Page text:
Being a lesbian and legally married to me is part of what cost my wife her employment. A very accomplished and lengthy career was cut short by a group of individuals that veiled their disdain into a dismissal cloaked in petty misconduct claims used to deny her the things she'd worked so hard and long for. The only thing above all that truly was disgusting was the character assassination in an attempt to justify something that had no merit.
She's not the first person it's happened to, and if the current administration has their way, she won't be the last. The fight for equality is far from over. In many ways, it never will be. So Happy Coming Out Day. For those of you that have already walked that path, big thumbs up from me. For those who haven't, I understand the choice and hope someday, your circumstances will change. I hope you'll be able to stand before all and, as Melissa Ethridge sang, say "Yes, I am."
My latest book, Forever Chance, is at the publishers in the very final stages. Look for it in early December 2019. Until then, enjoy the cover and a little sneak peek.
****Chance walked out of the emergency room and stepped off to the side of the entrance to wait on Harley. The phone call she’d received from Jax put her nerves on edge, but it wasn’t the only reason she was pacing in the emergency room’s ambulance bay. The incidents at the Wilson’s had unearthed painful memories of her father’s death.
“Aunt Maggie, someone’s at the door!” Chance looked up to see a uniformed figure through the glass.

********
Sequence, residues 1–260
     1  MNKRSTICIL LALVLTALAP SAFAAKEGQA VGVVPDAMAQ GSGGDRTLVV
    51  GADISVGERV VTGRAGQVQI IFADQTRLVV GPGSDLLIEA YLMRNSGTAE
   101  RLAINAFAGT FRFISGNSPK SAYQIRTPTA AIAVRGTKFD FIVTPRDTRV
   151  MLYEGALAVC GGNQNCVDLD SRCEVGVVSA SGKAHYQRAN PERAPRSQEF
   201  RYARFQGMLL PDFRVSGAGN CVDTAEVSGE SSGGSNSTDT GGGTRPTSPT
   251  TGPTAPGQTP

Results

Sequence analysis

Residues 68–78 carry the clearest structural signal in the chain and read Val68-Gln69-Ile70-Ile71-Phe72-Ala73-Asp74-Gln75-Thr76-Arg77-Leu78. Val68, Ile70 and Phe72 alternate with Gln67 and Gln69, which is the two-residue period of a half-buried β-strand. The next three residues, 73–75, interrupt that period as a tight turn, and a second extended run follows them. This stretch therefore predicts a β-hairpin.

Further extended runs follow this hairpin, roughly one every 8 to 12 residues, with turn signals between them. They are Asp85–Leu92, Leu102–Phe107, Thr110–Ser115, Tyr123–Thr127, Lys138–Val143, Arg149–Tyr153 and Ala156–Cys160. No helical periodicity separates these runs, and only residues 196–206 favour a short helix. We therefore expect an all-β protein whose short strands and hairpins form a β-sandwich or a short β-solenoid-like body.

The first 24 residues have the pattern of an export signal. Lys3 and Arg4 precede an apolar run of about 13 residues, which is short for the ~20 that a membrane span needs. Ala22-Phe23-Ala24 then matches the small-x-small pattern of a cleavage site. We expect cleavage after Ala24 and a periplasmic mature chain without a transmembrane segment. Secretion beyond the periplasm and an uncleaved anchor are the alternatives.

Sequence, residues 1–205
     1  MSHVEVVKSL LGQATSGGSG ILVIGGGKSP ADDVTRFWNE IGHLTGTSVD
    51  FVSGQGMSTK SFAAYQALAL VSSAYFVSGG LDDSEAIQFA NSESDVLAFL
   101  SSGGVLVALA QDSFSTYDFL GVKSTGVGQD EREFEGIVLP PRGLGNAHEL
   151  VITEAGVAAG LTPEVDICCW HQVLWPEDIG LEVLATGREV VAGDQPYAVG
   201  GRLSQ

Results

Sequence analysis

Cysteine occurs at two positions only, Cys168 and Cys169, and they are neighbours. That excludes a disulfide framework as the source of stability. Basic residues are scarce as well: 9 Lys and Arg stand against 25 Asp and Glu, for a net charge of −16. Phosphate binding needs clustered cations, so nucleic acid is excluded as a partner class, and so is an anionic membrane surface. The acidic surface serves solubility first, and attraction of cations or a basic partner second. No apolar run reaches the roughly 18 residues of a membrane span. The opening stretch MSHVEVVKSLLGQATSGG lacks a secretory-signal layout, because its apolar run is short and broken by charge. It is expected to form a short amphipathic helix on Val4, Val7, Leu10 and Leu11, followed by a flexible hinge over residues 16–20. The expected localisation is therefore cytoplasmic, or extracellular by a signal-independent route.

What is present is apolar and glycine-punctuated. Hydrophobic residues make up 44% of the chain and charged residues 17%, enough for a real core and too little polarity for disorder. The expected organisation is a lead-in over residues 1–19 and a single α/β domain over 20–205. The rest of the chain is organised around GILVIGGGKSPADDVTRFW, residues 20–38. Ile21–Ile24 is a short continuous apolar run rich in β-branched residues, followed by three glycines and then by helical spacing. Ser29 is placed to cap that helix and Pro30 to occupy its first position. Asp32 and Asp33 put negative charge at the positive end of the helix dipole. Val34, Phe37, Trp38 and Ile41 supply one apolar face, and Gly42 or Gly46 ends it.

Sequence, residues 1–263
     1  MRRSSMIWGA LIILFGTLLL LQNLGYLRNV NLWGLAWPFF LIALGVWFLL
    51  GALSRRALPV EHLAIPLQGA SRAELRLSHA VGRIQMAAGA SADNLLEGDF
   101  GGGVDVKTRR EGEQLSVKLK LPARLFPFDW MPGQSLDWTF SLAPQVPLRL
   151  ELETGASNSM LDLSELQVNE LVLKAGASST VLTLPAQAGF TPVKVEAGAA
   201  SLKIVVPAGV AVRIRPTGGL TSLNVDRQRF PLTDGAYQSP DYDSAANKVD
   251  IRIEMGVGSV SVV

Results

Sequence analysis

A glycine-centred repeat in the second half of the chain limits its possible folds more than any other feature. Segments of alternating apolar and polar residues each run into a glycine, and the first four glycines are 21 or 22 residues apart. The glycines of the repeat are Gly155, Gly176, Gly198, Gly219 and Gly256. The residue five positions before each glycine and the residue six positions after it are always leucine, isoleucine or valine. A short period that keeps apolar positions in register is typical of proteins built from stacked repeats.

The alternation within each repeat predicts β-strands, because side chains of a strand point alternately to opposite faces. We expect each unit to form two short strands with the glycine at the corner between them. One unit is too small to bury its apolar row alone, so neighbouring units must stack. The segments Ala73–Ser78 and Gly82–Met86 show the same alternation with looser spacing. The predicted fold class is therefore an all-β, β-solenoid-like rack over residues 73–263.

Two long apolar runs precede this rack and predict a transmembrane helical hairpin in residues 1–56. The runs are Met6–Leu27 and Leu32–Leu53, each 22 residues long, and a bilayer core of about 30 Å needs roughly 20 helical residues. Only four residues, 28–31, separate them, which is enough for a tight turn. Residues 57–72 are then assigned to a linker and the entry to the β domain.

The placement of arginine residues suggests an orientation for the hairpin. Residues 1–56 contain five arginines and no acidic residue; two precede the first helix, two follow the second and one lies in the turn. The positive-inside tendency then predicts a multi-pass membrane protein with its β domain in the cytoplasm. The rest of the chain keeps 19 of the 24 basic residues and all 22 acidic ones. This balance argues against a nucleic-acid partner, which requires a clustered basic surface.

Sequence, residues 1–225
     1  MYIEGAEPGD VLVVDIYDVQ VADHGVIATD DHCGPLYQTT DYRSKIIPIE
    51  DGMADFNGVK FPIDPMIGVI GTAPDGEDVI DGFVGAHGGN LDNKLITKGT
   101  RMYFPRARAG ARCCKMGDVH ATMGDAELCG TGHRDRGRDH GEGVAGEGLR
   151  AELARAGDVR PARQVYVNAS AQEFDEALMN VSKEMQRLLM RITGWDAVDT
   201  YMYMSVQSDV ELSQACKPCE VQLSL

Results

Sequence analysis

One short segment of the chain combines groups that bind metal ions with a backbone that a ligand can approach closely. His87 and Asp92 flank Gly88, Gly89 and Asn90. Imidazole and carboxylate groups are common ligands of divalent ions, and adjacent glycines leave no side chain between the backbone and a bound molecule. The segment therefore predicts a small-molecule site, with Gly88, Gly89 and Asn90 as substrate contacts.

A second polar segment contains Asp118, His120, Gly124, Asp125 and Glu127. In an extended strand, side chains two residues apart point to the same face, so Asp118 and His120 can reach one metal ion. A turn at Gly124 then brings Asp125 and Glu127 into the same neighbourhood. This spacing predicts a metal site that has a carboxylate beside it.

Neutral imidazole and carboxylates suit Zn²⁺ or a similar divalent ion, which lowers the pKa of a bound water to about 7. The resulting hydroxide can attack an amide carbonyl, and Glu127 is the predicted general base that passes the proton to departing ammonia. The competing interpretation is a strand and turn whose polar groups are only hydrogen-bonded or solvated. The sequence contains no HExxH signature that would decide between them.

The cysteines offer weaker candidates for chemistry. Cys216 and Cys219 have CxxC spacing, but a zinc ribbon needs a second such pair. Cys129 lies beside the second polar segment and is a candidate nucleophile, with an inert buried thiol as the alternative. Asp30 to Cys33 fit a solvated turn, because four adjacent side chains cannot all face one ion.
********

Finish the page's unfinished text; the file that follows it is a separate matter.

“Who in the world would be calling at this time of night?” Maggie tightened the belt on her robe and turned the knob.
Chance watched, as her dad’s boss, Sheriff Owen Knight, took off his hat and ran his hand through his hair.
“Maggie, I need to talk to you.” He looked at Chance. “In private.”
“Please, Maggie.” Owen put a hand under Maggie’s elbow, as Dee came into the room. “Dee, can you come with us? Chance, stay here.”
Chance was thirteen years old and knew something was terribly wrong. “Sheriff, where’s my dad?”
He turned to her. “Chance, let me talk to them first, then I’ll sit down with you.”
Chance balled both of her fists. “No, if this is about my dad, tell me now!”
Dee stepped beside Maggie and wrapped Chance in her arms, as she led her into the living room. “Owen, we’re a family. Whatever you need to say, we’ll hear it together.”
The sheriff followed them into the living room. Dee settled Maggie on the couch with Chance between them and turned off the television. Maggie pulled her close, and all eyes turned to a visibly shaken Owen.
“Chance, your dad has always been one of the finest officers I’ve ever known, the bravest as well. He took an oath to protect and serve. Tonight, he stood between an innocent and someone who wanted to do harm. I don’t even know how to tell you how sorry I am.”
Maggie’s hand flew to her mouth but didn’t stop the cry that left her body. Dee wrapped her arms around them both, as Chance sat in stunned silence. Her father was gone, and her whole life would never be the same. In the blink of an eye, everything had changed.
I can’t wait to share Book 2 with you and I hope if you are able, you share your coming out story with someone who needs to hear it.